Three Different Kinds Of Real Estate Deeds

A deed is not a title. A deed is a signed document that establishes that an asset has been transferred. Because this article centers on real estate, the specific asset we are discussing is a home or real property (i.e., land). You will have a title that serves as proof of ownership when you own either. Having the title enables you to sell the asset. For example, if you have ever borrowed money to buy a car, the lender may have held onto the title until you paid off the loan. 

Now that you understand both terms, you can see how a deed transfers the title from the seller to the buyer. To take it one step further, we will go over three different types of deeds you may come across when buying real estate.

Warranty Deeds

These are very common, and that is why we started with them. This is a document that gets signed by both the seller and buyer. The seller states that they own the property, possess a clean title, and have no other claims to the property. For instance, there are no creditors who have placed liens on the house. Encumbrances are claims against the property that could inhibit you from being able to sell it. When the seller signs the warranty deed, they declare that there aren’t any.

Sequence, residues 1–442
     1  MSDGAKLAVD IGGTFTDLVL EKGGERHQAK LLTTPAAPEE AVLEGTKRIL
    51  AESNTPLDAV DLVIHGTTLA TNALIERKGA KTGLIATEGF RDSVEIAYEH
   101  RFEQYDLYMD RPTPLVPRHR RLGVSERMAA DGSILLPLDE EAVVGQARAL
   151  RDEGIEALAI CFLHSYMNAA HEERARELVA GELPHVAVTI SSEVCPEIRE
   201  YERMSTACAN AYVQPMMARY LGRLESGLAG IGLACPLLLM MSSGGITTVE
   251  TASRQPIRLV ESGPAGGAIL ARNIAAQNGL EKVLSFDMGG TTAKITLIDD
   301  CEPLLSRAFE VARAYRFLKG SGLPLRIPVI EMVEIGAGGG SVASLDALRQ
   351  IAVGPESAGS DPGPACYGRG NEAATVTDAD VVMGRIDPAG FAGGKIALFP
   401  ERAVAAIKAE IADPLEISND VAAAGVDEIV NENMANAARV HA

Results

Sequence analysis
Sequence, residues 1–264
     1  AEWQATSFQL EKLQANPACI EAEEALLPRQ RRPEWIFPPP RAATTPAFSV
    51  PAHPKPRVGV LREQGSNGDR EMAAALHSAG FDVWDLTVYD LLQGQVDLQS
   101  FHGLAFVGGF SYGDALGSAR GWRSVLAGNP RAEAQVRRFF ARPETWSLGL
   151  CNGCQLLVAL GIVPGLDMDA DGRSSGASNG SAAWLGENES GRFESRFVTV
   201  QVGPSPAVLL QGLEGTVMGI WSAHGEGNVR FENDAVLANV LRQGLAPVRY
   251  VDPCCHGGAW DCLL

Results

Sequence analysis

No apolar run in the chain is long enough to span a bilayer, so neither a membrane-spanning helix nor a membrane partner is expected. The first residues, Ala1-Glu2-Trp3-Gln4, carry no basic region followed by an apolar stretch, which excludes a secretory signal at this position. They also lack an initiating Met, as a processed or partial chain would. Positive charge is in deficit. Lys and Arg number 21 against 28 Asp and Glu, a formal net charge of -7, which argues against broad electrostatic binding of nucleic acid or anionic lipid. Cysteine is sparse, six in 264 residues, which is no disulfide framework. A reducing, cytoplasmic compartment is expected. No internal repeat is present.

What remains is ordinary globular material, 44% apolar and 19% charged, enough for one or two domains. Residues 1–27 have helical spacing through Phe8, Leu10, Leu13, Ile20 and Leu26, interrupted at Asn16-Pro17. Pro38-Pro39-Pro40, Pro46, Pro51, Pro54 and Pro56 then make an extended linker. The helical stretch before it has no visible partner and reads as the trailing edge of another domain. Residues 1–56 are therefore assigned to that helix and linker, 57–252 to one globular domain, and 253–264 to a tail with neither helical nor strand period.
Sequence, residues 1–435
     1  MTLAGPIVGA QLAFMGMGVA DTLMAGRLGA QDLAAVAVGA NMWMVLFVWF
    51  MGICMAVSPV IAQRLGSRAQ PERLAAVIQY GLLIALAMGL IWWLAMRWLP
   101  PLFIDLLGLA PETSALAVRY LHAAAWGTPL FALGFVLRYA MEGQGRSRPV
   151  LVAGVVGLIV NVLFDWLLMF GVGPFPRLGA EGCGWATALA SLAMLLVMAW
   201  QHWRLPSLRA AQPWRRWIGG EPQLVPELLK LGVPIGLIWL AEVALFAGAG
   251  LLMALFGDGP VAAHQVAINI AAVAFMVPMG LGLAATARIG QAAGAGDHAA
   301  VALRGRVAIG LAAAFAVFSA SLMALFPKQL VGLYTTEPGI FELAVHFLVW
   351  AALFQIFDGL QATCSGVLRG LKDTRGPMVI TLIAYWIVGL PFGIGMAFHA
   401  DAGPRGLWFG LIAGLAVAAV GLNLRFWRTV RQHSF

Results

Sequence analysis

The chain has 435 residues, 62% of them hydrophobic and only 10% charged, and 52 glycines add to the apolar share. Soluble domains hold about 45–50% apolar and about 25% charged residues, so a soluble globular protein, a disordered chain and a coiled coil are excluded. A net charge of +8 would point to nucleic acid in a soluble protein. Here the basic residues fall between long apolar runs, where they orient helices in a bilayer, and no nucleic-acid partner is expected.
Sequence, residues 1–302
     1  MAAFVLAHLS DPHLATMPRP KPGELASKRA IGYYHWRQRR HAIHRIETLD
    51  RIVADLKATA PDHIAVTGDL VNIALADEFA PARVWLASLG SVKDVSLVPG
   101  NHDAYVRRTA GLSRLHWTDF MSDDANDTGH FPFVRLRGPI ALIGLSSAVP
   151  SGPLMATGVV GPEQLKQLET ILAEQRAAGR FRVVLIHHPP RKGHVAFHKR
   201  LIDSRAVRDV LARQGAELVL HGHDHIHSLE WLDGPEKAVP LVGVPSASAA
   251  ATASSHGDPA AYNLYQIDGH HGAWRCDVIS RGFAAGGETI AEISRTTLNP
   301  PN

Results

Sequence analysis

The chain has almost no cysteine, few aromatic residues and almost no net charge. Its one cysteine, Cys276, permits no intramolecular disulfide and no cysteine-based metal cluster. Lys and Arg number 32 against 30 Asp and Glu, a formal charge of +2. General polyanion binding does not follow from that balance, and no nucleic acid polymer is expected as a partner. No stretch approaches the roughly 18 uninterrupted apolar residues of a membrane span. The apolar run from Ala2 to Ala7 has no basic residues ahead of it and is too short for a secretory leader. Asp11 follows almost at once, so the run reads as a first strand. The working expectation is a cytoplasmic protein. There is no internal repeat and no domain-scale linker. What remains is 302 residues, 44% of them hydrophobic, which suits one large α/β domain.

Quit Claim Deed

Although Quit Claim Deeds are similar to warranty deeds because they transfer someone’s interest in a piece of property to someone else, they have one significant difference: they do not claim whether there is a clean title. Why would anyone be willing to accept this? Because they likely know the person who is transferring the title to them.

For instance, former spouses may use a Quit Claim Deed to transfer ownership of a home during a divorce. Both people could have been part of the original sale and are confident that there are no encumbrances on the house. These could also be utilized if someone gives the property to another family member as a gift. 

Trustee’s Deeds

There are also scenarios where you can transfer your property into a trust. When you put something into a trust, the trust owns it. Even though you are not transferring the property to a physical person, ownership of the property is changing nonetheless. Your attorney will assist you with this process, but this can be accomplished through either Warranty Deeds or Quit Claim Deeds. 

Auricchio Law Offices

A real estate attorney assists, advises, and supports you during a real estate transaction. You need to be able to look to a reliable source and ask whether the property has been legally transferred to you. If you have questions about encumbrances that could impact your title, your attorney is available to answer them. Contact the Auricchio Law Offices to schedule a consultation regarding your next real estate transaction.

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Auricchio Law Offices

Auricchio Law Offices in Chicago provides a complete range of real estate services. We facilitate residential and commercial real estate transactions, advise and represent condominium associations, and represent property owners in real estate litigation. Whatever your real estate issue, we will work diligently to achieve your goals in a timely and efficient manner.

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